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Project Entropia
November 13, 2005 6:44 AM   Subscribe

Man spends $100k on imaginary nightclub to tax those who hunt its native dinosaurs. Man is likely to make a profit. <bgsound>
posted by Pretty_Generic (30 comments total) 1 user marked this as a favorite

 
Oy veh.
posted by Jon-o at 7:19 AM on November 13, 2005


I was going to say, "I wonder how he explained that one to the wife", but after reading that he's been playing the game for 3 years I have a sneaking suspicion that there might not be a wife.
posted by clevershark at 7:43 AM on November 13, 2005


So, do we have any Project Entropia players here? I'm curious to hear what an insider thinks of this.
posted by taz at 7:47 AM on November 13, 2005


That bgsound link is a very nice touch.
posted by hoskala at 7:47 AM on November 13, 2005


"I come before you, good people tonight, with an idea. Probably the greatest - aah, it's not for you. It's more of a Second Life idea-"

"-No, wait just a minute. We're twice as smart as the people of Second Life! Just tell us your idea and we'll vote for it."

"I've sold monorails to Blaxxun, There and Cybertown, and by gum, it put them on the map! Well, sir - there's nothing on earth like a genuine, bona fide, electrified, six-car Monorail!"
posted by Smart Dalek at 8:11 AM on November 13, 2005


I really want to make fun of the nerds, but none of my hobbies have paid for themselves and then turned a profit. It was so much easier when they rolled dice and drank 32 ounce cups of Mountain Dew.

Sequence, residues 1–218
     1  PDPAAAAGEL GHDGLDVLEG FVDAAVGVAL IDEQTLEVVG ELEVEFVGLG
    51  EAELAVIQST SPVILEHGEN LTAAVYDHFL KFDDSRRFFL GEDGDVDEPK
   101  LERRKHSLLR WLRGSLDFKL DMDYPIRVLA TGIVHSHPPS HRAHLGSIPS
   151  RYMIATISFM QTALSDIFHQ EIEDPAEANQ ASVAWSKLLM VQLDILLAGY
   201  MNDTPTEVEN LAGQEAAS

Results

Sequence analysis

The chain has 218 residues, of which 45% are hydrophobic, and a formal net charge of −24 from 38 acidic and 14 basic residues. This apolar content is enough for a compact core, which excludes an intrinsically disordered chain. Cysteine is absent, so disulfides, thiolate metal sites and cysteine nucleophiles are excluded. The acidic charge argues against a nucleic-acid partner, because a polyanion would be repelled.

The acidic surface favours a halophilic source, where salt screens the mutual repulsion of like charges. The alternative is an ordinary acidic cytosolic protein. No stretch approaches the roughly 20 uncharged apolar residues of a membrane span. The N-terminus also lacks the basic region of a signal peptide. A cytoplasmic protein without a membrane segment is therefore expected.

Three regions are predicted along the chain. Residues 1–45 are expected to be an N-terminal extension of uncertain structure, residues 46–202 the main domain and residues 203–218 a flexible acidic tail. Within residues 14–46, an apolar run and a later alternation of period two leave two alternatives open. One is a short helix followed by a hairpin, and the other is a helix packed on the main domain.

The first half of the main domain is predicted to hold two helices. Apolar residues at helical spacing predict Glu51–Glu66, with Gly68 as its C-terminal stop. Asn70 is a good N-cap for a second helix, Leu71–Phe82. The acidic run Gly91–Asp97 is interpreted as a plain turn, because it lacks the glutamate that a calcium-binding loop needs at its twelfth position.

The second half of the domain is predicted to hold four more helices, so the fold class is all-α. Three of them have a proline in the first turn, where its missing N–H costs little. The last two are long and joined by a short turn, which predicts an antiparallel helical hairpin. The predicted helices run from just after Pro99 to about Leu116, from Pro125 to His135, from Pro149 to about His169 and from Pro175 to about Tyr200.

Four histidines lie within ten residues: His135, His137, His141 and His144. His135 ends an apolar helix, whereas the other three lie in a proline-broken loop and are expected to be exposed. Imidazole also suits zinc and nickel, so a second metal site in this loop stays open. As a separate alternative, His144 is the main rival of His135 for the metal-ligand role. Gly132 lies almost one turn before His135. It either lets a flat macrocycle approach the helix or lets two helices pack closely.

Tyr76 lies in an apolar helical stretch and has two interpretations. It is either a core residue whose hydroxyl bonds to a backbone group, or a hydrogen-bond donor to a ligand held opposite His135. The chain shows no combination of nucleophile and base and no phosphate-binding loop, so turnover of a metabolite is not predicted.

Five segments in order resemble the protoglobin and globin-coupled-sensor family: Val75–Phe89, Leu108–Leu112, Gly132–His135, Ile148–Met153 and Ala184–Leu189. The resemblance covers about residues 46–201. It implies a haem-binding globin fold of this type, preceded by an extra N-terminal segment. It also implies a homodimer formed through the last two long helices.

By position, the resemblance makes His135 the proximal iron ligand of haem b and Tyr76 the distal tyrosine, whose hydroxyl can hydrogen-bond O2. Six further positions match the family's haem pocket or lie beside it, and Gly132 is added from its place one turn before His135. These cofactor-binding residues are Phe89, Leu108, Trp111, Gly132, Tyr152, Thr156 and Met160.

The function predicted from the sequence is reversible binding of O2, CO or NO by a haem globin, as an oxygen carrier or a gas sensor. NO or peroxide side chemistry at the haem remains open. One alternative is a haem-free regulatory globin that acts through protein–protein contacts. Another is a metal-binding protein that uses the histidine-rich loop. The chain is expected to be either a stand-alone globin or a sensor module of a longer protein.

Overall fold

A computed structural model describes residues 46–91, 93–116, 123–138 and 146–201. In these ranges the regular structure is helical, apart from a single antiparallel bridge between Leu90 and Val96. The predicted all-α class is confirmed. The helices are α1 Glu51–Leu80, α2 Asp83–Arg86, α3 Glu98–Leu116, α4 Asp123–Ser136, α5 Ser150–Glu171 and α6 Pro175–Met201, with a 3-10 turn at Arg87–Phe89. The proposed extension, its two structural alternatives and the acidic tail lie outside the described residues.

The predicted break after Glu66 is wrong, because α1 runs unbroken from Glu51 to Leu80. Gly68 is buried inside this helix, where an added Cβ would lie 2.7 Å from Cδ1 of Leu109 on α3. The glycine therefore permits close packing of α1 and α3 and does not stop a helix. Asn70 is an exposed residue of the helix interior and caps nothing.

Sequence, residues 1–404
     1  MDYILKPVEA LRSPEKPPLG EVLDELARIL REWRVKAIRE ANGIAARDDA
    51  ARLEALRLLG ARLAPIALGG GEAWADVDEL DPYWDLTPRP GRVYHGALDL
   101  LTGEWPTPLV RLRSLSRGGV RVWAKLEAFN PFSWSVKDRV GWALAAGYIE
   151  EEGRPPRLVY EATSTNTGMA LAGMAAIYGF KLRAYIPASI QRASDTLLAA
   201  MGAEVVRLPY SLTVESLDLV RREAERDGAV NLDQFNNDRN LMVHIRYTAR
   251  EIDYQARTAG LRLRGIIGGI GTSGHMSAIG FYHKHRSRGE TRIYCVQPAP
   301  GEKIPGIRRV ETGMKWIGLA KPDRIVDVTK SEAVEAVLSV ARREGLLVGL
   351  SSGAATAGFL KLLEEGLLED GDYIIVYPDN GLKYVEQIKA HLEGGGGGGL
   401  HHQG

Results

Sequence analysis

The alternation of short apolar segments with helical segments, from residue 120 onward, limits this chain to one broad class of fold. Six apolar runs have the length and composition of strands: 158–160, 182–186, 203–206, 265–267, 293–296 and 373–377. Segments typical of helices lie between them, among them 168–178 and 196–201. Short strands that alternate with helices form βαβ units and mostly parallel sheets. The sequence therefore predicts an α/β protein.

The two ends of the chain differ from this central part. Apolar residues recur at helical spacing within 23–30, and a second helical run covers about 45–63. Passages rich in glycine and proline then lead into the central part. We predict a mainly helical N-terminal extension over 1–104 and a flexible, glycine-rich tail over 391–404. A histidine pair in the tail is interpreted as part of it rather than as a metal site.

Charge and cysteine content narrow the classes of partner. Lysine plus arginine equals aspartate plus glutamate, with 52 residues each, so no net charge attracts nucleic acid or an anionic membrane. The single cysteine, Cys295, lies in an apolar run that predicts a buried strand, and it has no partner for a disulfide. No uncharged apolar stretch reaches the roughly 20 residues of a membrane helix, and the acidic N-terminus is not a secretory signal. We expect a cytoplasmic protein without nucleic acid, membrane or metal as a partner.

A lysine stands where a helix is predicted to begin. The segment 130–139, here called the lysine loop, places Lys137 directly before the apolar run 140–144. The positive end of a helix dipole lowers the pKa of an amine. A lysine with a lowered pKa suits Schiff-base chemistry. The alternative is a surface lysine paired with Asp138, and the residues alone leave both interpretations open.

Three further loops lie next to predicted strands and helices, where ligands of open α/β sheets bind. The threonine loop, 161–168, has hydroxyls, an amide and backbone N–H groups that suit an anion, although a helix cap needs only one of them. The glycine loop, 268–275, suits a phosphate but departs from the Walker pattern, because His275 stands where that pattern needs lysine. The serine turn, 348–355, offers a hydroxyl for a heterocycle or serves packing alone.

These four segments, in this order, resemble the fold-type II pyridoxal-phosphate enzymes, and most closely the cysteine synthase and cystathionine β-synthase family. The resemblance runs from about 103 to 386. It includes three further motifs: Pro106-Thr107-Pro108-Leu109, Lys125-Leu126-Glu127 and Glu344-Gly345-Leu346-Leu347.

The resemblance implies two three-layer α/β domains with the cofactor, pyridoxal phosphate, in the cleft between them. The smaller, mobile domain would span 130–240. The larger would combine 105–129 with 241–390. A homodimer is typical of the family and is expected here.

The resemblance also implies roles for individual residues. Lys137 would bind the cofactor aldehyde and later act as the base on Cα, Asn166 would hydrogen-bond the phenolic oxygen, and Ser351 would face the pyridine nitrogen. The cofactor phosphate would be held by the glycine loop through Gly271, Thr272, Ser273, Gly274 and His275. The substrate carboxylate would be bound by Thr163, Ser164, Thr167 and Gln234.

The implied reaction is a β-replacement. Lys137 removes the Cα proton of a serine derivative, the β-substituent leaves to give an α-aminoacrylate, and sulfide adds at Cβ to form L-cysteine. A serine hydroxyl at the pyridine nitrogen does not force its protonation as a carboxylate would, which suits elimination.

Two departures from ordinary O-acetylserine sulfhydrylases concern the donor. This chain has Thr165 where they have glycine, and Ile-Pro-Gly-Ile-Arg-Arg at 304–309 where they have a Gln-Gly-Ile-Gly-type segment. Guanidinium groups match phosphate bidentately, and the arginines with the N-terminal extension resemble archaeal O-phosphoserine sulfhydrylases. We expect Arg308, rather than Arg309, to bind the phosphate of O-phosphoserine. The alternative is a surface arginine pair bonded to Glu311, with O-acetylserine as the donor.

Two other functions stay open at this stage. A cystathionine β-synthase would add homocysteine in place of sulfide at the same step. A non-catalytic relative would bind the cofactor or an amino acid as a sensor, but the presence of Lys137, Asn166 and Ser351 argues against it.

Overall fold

posted by Slack-a-gogo at 8:30 AM on November 13, 2005


/me laughs atwith Smart Dalex
/me hits Smart Dalek around the head with a trout
posted by benzo8 at 8:35 AM on November 13, 2005


Reading between the lines: cash-out refi on his home?

"Daddy, why are the men taking our house?"

I've never heard of Project Entropia, but it's apparently making money for someone. Best of luck to the dude.
posted by Eideteker at 8:44 AM on November 13, 2005


Man passes on Miami real estate, buys unreal nightclub.

So does this mark the end of the housing bubble or the start of a virtual bubble?
posted by scheptech at 9:19 AM on November 13, 2005


Not to dump, but this happened a while ago. Mainstream U.S. news is getting really slow on its tech stories. It took about 10 days for them to pick up the XCP controversy.

Kudos for the background sound. A very nice touch. I hope others follow your lead.
posted by mrgrimm at 9:30 AM on November 13, 2005


In the gallery, a bunch of the pictures have people standing around in their underwear doing tai chi!
posted by dobbs at 9:31 AM on November 13, 2005


I hate to break it to you, but that man's island is no more imaginary than music downloaded from iTunes or metafilter for that matter. Last I checked neither of those had a physical representation, yet people still pay money for them.
posted by haqspan at 9:34 AM on November 13, 2005


"What'd I say?"
posted by chrismear at 9:42 AM on November 13, 2005